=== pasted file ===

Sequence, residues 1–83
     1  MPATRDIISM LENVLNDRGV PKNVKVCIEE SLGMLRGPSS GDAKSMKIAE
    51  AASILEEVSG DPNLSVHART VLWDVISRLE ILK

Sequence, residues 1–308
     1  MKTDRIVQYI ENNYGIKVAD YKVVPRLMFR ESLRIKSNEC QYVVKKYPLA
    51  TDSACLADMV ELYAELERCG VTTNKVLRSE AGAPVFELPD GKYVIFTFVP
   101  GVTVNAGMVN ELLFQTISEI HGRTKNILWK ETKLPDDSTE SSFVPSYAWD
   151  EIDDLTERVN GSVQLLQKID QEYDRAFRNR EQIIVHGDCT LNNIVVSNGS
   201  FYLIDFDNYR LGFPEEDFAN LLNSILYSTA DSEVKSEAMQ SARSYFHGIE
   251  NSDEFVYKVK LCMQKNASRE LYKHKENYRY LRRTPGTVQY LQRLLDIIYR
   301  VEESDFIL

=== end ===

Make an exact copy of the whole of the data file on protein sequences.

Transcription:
Sequence, residues 1–83
     1  MPATRDIISM LENVLNDRGV PKNVKVCIEE SLGMLRGPSS GDAKSMKIAE
    51  AASILEEVSG DPNLSVHART VLWDVISRLE ILK

Sequence, residues 1–308
     1  MKTDRIVQYI ENNYGIKVAD YKVVPRLMFR ESLRIKSNEC QYVVKKYPLA
    51  TDSACLADMV ELYAELERCG VTTNKVLRSE AGAPVFELPD GKYVIFTFVP
   101  GVTVNAGMVN ELLFQTISEI HGRTKNILWK ETKLPDDSTE SSFVPSYAWD
   151  EIDDLTERVN GSVQLLQKID QEYDRAFRNR EQIIVHGDCT LNNIVVSNGS
   201  FYLIDFDNYR LGFPEEDFAN LLNSILYSTA DSEVKSEAMQ SARSYFHGIE
   251  NSDEFVYKVK LCMQKNASRE LYKHKENYRY LRRTPGTVQY LQRLLDIIYR
   301  VEESDFIL